• 27 states reducing health-benefits to low income children
  • 34 states cut college assistance
  • 13 states have announced layoffs 
  • 32 states reduced state workers wages


   Although Obama has been profligate in his first year he has made numerous attempts to cut spending in return for modest tax increases. Obama has proposed to cut spending by $400 billion on health programs and $200 billion from other parts including the democrat's sacred cows such as  federal employee retirement accounts, and unemployment compensation.  In fact, Obama  $3.77 Trillion budget, is expected to cut the annual deficit by more than $200 Billion from $744 Billion to $973 Billion in 2014.

   Still, despite Obama's continuous efforts to move more toward the center, the Republican party has become increasingly intransigent.Obama's original olive leaf to the republicans was an ambitious $1.2 trillion in tax increases over ten years. Realizing the Republicans were not going to budge, Obama moved the chess piece back to $600 billion. Still, many Republicans such as Eric Cantor refuse to concede on raising taxes even though Obama planned to balance the budget over ten years with a mix of spending cuts (80 percent) and tax increases (20 percent.) Under Obama's plan, the deficit would shrink to 1.7 percent of GDP by 2023.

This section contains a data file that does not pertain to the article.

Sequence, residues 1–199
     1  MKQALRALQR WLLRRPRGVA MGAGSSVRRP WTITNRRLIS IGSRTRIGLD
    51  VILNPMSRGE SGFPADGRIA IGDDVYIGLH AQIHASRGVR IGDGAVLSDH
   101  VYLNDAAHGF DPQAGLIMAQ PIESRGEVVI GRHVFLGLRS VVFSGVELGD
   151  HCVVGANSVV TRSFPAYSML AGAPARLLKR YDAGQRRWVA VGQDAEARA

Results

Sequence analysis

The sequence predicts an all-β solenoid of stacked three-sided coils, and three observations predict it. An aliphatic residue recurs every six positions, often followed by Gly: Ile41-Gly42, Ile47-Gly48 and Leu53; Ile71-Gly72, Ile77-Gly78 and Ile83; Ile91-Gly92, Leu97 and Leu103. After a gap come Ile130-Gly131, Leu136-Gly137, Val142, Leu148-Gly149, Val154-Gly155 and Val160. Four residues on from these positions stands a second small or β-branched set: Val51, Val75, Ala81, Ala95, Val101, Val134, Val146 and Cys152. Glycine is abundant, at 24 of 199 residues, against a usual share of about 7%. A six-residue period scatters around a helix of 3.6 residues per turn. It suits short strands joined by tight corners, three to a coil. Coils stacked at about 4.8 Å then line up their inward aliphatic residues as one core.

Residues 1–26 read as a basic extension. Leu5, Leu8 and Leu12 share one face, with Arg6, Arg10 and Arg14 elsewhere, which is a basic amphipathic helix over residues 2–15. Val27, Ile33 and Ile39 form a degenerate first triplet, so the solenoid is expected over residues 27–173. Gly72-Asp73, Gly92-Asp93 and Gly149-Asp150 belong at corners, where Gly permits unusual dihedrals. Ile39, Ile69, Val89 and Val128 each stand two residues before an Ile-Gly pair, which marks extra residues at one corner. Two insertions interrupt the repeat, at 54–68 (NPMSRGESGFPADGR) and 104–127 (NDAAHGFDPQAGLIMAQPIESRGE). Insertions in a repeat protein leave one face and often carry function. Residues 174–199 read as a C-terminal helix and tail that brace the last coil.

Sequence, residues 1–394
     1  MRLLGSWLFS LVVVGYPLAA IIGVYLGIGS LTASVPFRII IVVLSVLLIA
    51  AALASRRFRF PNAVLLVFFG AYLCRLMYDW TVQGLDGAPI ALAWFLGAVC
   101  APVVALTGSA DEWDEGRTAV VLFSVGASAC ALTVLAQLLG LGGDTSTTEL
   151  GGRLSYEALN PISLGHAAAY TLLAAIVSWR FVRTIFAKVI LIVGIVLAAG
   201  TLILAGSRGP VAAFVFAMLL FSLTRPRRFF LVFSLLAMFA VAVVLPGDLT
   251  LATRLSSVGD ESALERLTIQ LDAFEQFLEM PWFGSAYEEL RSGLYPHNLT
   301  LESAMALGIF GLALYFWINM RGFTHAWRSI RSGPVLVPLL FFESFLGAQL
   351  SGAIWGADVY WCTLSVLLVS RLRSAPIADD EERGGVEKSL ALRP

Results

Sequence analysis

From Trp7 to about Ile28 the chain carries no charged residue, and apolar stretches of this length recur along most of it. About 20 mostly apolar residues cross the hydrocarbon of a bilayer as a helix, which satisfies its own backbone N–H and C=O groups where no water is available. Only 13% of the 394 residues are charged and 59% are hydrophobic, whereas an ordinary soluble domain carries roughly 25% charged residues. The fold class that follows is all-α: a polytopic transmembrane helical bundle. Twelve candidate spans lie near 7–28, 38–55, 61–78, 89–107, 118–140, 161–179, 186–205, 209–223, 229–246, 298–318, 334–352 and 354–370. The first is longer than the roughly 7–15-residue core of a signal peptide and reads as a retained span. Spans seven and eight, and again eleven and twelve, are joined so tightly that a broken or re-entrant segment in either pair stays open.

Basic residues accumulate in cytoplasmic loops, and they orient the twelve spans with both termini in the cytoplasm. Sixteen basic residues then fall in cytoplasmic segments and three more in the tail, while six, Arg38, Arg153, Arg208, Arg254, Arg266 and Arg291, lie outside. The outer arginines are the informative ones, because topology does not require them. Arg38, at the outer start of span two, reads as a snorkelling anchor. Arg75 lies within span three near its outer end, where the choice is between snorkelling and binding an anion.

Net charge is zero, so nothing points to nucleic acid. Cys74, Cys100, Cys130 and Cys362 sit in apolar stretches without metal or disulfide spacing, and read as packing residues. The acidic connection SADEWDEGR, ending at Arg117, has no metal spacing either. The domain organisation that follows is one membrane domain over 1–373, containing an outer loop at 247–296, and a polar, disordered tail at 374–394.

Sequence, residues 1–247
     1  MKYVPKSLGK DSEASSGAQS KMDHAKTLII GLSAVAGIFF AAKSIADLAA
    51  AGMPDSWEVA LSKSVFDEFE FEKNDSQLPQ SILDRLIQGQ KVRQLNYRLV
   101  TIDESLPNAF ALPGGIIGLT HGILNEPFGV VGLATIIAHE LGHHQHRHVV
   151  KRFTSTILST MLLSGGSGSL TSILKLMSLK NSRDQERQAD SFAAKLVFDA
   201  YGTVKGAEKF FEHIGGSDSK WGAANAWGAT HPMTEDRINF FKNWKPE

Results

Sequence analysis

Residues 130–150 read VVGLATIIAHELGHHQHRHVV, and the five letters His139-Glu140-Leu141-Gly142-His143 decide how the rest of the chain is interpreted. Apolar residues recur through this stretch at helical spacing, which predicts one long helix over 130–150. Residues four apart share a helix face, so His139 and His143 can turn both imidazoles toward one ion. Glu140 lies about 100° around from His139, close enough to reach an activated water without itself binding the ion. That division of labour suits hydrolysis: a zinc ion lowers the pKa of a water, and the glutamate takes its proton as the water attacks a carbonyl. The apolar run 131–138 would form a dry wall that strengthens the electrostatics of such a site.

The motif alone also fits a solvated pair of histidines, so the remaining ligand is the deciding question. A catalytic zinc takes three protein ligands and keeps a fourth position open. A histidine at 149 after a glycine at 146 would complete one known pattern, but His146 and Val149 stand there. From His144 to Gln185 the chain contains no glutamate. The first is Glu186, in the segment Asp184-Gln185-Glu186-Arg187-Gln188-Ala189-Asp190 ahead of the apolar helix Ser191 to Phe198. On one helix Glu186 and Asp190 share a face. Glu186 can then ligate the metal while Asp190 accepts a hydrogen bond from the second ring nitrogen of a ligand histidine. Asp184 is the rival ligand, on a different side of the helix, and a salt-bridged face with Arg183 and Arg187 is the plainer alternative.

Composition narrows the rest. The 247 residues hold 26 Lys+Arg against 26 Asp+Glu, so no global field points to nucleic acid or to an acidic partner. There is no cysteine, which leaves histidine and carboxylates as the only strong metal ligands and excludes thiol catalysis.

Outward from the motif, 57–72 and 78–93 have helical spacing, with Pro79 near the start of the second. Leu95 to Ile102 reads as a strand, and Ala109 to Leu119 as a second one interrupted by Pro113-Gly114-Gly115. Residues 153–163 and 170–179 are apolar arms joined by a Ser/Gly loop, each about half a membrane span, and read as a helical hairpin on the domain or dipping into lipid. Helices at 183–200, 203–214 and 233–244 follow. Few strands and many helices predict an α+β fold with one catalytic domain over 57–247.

It is hard to curtail spending when nearly half of all households receive some form of government assistance compared with 37 percent in 1998. At the same time period the amount of money spent on programs like Social Security increased from close to 40 cents for every tax dollar to 66 cents.  This has led former Republican presidential contender, Newt Gingrich to refer to the U.S. safety net as a spider web. Furthermore, According to the New York Times, for every dollar that is contributed to medicare, the beneficiaries will receive three dollars in return. Indeed, medical benefits are expected to rise by 66 percent in the next decade.

 One proposal suggest by Obama's budget to curtail the growth of Medicaid is to reduce payments to prescription drugs and to minimize fraud and abuse. Another proposal floating around that has upset progressive groups is the implementation of the "Chain CPI" for social security benefits  in exchange for more revenue.  According to the Center on Budget Policy Priorities, CPI would add $230 billion worth of savings.


   Another example, is the sequestration, 85 billion dollars in spending cuts in exchange for allowing the Bush tax cuts to expire. Under this economic policy many government programs, both discretionary ($71 billion) and mandatory ($14 billion), were to receive a 5 percent cut.

  Although 85 billion dollars is not enough to make any significant change, many groups are worried that the cuts will mostly effect people who need the assistance the most. Nearly, a million jobs might be lost due to the sequester.